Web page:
Tomorrow is a magazine about figuring out what’s next. After seven writers and designers were laid off simultaneously, the crew banded together to create a one-off publication with their new-found free time.
After running a successful Kickstarter project and producing the magazine, the team just posted an update on Tumblr that breaks down some of the costs. All told, it’s a daunting figure — but one that nevertheless allowed for each contributor to receive some pay for their hard work.
Well, now that (most of) the dust has settled and we’ve made a magazine, we want to show you all how we did it. Er, at least how we figured out the finances. See the full breakdown here.
Major takeaway? We set our Kickstarter ask way too low. If we had merely hit our goal ($15,000) and stopped there, we’d have lost money on this endeavor. A lot of money. As it turned out, though, with our awesome backers funding us at three times our goal, some generous sponsorship from folks like MailChimp and Flipboard, and additional online sales, we’ve been able to pay ourselves and our collaborators a little something.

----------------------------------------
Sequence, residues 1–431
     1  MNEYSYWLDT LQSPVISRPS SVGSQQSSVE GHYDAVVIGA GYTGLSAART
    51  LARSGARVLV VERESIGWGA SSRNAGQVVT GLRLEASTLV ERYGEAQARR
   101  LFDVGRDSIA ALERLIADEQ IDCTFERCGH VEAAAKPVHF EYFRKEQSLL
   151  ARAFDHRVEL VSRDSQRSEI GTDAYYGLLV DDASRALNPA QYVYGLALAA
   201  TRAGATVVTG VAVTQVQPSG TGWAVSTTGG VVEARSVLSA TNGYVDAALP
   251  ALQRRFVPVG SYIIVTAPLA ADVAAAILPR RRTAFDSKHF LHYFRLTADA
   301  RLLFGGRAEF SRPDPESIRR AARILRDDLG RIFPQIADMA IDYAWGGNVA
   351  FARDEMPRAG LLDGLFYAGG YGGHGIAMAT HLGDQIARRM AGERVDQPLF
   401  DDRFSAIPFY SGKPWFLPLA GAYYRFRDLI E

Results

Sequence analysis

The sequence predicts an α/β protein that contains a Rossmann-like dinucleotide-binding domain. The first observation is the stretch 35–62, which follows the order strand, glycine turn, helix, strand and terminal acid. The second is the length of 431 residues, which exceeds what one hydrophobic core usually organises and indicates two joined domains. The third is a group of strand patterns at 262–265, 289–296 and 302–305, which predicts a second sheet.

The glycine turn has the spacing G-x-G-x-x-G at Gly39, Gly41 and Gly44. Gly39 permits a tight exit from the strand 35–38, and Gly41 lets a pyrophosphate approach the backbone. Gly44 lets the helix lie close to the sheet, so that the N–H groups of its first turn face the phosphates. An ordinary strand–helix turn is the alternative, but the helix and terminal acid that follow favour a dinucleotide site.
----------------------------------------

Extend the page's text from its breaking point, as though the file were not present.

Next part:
After we paid our startup costs and printing and shipping fees, how’d we allocate the profits? We divided them equally among three tiers: Founder tier (for those of us who have been putting in hours and hours since June and worked ‘round the clock during the magazine production period), feature tier (for contributors who pitched in on major aspects of the design, those who reported feature-length articles, and those who did a lot of fact-checking or copy-editing), and contributor tier (for illustrators and writers of shorter articles). Then we divided the money equally among everyone in that tier and rounded down, as we’ve still got a few lingering bills to pay and want to keep a small cushion in the bank account.